For those who are really interested in Anchor stones, I have written a book about them.  (I just got tired of either looking up the same information again and again, or trusting my memory on specific details such as dates and names.)  It is expensive, $70 (or 100 DM) ppd, because I print it myself on my PC and color ink is expensive.  The book undoubtedly contains far more information about Anchor stones and sets, the Richter company, etc. than you'll ever want to read.  This book is a lot of work to print (I print about a dozen at a time, in either English or German, and it takes a week, full time.), so please don't think I am urging you to buy one.

Web Page Notes:  As you may have noticed, my ISP problems were not all solved by the first of February.  The 'hit' counter was not working.  It is now working, and its  failure did not hurt the Anchor information, which is the primary purpose of this site.

       Most e-mail send to me between January 15th and January 29th was lost. 

A few people have asked me to number the "issues" of the Anchor page.  Well, they started in August, 1996, so this "issue" is Vol. 3, # 3 (with Vol. 1 starting with # 8, to keep the number of the month the same as the issue's number).

Please note that this home page is revised monthly.  The graphics are JPEG, which improves quality and reduces file size.  The URL name -- -- indicates that this site is the official web site of the Club of Anchor Friends.

My e-mail address is  That address is an alias for my 'real' e-mail address, which is  But if I ever change the ISP for the web site -- -- my 'rlc' e-mail address would change, but my 'ankerstein' e-mail address is (more or less) permanent.  

Another web problem connected with the change of ISP has been the loss of a reference on most of the search engines.  I am putting the page back up, but it takes time.   

Many new graphics, and additional text, are uploaded once a month, as close to the first as possible.  I do not change the full set of graphics, as most people never read beyond the first page.  If you only have a little time, I urge you to take a look at the "builders" page.  And please plan to drop by monthly to see the new pictures.  In the restricted space of my home page, I can provide only a limited view of the wonderful world of Richter's Anchor stones.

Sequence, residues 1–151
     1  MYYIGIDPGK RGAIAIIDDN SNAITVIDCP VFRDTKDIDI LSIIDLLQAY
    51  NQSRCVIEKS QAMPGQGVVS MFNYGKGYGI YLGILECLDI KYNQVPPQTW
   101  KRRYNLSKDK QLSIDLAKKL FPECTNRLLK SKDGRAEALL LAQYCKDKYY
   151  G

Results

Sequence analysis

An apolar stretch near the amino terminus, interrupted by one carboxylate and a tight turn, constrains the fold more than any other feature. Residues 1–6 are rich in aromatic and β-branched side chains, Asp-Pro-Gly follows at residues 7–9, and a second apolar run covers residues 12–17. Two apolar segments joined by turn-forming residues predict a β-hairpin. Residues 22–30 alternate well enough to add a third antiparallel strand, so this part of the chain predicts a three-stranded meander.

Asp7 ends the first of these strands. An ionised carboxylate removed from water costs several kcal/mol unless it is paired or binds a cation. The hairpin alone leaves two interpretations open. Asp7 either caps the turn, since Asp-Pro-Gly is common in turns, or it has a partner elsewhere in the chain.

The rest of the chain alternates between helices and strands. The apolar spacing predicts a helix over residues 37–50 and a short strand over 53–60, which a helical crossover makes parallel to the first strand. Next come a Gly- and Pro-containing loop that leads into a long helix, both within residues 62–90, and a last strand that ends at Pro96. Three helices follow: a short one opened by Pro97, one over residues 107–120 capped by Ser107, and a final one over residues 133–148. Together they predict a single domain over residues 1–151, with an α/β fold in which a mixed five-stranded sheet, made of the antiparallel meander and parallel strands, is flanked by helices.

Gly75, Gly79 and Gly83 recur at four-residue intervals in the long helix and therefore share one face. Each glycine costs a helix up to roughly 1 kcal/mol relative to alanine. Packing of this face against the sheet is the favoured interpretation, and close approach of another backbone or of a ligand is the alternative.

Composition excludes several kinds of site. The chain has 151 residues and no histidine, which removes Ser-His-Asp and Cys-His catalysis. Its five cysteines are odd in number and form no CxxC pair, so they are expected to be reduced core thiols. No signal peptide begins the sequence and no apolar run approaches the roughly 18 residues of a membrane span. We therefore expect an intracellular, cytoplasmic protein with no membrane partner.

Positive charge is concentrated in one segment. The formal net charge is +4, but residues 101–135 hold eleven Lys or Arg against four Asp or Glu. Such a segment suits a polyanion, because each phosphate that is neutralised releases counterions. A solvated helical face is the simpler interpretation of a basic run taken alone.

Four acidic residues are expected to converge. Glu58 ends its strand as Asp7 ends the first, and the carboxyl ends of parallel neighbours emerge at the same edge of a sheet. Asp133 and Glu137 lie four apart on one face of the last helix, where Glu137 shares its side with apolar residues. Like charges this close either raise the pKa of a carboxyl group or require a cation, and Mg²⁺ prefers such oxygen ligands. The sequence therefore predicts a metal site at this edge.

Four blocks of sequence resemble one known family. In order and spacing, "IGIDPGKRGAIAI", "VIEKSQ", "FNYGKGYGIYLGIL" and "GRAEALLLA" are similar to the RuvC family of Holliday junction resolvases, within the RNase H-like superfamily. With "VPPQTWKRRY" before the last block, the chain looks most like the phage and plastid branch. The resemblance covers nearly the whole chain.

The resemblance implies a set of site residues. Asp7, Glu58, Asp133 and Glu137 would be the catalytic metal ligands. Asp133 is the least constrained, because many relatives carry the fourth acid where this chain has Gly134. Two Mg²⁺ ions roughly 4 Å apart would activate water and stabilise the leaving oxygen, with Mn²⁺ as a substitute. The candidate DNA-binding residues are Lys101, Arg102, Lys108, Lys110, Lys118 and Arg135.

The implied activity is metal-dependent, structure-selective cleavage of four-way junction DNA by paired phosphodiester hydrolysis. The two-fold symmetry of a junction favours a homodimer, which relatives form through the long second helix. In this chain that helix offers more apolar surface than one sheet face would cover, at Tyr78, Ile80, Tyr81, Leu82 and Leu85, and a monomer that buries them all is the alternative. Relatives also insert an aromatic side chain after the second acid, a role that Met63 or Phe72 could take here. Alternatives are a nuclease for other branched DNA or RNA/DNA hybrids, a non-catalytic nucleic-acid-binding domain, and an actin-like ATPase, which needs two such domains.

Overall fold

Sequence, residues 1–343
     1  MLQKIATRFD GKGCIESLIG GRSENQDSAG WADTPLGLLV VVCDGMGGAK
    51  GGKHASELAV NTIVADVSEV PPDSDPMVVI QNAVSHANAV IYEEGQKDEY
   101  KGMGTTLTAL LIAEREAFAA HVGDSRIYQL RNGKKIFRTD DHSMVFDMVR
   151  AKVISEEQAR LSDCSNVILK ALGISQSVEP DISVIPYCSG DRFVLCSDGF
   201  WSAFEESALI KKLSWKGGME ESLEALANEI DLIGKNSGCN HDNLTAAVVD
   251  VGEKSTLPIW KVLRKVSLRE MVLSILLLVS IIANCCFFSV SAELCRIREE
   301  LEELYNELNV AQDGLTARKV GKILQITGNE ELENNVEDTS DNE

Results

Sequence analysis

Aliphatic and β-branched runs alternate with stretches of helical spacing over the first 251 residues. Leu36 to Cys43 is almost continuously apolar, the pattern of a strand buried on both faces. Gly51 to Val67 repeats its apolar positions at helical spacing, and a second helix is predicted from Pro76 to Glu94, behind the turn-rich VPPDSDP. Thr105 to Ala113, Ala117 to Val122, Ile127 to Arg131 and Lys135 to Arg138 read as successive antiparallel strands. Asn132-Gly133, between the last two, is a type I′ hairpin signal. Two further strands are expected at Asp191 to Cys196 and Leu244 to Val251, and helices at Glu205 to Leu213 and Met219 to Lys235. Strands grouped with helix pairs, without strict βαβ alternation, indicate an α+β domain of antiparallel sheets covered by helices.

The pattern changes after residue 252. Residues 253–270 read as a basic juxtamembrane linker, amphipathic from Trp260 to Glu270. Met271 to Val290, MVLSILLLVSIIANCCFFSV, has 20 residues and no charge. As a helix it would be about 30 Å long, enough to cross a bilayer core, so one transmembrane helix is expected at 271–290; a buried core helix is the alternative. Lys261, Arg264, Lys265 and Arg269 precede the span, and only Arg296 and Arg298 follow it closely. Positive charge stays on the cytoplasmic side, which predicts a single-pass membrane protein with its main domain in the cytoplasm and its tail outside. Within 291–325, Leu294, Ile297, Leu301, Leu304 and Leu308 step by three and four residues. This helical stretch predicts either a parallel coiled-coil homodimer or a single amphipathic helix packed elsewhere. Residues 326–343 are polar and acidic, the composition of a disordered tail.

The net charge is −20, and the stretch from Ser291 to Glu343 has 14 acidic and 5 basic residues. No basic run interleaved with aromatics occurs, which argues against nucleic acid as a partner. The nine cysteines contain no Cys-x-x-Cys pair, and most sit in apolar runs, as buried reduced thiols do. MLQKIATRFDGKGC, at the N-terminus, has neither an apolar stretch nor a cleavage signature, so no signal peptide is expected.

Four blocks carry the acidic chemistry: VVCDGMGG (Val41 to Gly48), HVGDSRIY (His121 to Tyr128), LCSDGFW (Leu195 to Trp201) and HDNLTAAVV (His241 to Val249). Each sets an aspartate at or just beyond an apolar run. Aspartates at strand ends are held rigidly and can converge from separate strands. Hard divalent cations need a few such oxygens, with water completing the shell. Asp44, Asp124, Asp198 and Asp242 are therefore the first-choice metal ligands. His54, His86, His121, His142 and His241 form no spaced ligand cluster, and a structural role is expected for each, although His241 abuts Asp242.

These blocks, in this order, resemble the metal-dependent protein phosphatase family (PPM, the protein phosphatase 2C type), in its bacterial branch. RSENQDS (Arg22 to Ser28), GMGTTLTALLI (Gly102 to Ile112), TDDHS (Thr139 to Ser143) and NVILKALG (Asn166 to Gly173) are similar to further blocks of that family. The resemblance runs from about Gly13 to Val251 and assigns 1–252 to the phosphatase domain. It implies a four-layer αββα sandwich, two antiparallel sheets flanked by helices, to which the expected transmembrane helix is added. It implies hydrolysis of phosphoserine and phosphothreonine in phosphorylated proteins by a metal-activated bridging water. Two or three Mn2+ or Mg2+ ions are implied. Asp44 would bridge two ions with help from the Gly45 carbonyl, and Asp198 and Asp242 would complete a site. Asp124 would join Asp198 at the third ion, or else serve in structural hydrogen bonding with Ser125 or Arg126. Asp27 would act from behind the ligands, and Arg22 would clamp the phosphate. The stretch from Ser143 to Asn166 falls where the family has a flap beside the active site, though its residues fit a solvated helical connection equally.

Other web sites with Anchor pictures and information:
         new Anchor factory in Rudolstadt, Germany, (in German and English);
         a German retailer of Anchor sets, (in German);
         an American retailer of Anchor sets, (the small sets #s 4 &  4A);
         Anchor distributor in the Benelux, (in German, French, Dutch and English);
         German Museum in München, (in German);
         Construction Toys;
         Lego on Long Island;
         Architectural Toys;
         the puzzle web page is a must for all puzzle collectors, although not much on Anchor puzzles.

For the month of April, 1998.  

Anchor exhibitions being held in the next few months.

Anker-Steinbaukasten, auf deutsch.  

Anker-Steenbouwdozen, in nederlands.  

Anchor Stone Building sets, in English.  (You found it.)

You are visitor number  to the Club of Anchor Friends' home page since the hit counter began to work on February 6, 1998.  From the first appearance of the Anchor home page, August 30, 1996, there has been a slow but steady increase in the number of people accessing it.  During the first year the Anchor page had more than 3,000 visitors and during the fall of 1997 the page was averaging 25 hits a day.  The hit rate has dropped to 15 a day now, partially due to the after Christmas season and partially due to the change of ISPs.  I have been updating this site monthly since August, 1996.

Thank you for visiting the CVA "Anchor" web site.

or you can write to:

George Hardy
1670 Hawkwood Ct.
Charlottesville, VA 22901

Tel: (804) 295 4863
Fax: (804) 295 4898